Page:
The wings of insects shining in the sun where snowflakes flew two days ago. The Cooper’s hawk sounds as gung-ho as ever. I sharpen a knife.
A snow flurry turns into a squall, and all the birds fall silent—even the Cooper’s hawk. The ground is white in minutes: an onion snow.
Shadbush blossoms merge with the sky. A red-tailed hawk drops in and is quickly driven off by the Cooper’s hawk, who lands one good strike.
Overcast and cool. Up on the ridge, two or three crows scold a Cooper’s hawk: high-pitched whines, a gargling rattle. The hawk zips off.
Lust is in the air: a turkey gobbling in the field, a Cooper’s hawk calling in the woods, and right in front of me, a sunlit cloud of lekking gnats.
Cooper’s hawks calling up on the ridge. One of them takes flight: such a small bird to be so strident! And the sky begins to turn white.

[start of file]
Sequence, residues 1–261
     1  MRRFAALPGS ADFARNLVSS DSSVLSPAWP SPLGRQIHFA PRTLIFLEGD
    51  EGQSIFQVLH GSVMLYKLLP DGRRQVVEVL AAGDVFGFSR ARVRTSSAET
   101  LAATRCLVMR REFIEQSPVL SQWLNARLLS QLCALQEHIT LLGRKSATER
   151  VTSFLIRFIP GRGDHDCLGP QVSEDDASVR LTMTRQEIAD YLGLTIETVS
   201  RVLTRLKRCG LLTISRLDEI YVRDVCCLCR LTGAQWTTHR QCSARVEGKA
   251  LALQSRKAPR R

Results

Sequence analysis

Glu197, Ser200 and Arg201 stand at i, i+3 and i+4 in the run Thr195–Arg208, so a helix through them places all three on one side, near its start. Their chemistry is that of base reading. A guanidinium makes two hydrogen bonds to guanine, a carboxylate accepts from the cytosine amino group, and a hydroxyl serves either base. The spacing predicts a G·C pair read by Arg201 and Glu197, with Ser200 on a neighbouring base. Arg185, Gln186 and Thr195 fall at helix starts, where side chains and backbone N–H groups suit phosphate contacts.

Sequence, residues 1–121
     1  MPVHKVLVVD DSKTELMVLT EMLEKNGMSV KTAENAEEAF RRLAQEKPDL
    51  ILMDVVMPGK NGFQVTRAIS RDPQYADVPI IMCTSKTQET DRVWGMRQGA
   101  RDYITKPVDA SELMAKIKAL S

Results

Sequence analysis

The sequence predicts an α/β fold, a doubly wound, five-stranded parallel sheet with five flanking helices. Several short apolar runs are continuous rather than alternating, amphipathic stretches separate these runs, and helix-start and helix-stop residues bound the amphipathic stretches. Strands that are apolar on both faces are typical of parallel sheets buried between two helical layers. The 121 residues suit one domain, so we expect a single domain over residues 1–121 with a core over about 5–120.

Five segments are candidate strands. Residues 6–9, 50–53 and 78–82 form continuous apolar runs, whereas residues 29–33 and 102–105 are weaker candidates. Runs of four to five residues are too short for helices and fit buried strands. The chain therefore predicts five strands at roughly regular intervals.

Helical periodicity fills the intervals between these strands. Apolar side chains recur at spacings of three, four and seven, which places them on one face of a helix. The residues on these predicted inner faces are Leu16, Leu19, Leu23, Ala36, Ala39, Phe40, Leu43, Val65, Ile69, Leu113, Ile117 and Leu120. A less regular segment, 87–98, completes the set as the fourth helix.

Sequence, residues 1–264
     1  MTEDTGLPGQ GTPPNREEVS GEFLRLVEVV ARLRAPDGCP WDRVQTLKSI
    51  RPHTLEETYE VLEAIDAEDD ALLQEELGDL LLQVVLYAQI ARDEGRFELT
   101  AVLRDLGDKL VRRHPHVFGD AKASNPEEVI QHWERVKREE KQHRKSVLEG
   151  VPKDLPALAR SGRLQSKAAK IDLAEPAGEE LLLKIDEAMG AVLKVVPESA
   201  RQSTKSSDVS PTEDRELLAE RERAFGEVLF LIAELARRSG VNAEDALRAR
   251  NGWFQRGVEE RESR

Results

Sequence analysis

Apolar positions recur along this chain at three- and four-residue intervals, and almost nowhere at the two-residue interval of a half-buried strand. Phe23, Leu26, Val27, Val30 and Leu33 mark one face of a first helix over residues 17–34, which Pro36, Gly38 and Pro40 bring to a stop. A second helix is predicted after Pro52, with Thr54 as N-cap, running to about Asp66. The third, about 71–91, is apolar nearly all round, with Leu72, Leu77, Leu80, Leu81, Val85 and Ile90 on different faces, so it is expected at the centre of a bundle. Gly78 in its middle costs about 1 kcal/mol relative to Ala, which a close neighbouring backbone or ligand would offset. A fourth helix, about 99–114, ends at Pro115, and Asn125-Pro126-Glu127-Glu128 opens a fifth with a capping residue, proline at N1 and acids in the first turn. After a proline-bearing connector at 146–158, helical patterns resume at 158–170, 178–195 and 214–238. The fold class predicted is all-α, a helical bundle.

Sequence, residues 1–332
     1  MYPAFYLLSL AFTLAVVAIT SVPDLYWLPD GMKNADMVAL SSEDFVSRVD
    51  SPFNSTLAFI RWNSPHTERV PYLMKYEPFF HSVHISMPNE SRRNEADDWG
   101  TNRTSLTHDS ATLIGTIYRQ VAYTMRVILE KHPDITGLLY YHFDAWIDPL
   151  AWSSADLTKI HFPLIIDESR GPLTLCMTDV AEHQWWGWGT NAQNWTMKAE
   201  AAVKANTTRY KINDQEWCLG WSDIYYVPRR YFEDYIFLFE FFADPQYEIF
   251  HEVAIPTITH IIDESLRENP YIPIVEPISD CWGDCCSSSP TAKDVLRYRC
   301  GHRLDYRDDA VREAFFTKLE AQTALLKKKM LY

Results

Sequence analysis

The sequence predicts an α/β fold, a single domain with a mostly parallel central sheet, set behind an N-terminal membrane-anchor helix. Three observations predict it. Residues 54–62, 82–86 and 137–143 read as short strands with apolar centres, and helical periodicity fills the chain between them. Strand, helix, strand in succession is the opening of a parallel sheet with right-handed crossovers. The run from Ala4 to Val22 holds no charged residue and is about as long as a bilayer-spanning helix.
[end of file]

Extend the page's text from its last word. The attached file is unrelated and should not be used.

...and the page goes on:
Cold and blustery. The kak-kak-kak of a Cooper’s hawk, who comes rocketing out of the woods a second later with a redtail in pursuit.
The Cooper’s hawk lands in the yard and the doves scatter—a cacophony of flutes. He flies off east where the icy snow is a blaze of white.
Overcast at sunrise. The cak-cak-cak of a Cooper’s hawk beginning to think about courtship and nesting, somewhere up in the snowy woods.
Cold and gray—the weather, but also me. A sharp-shinned or Cooper’s hawk comes flying low over the trees, clearly keen on getting breakfast.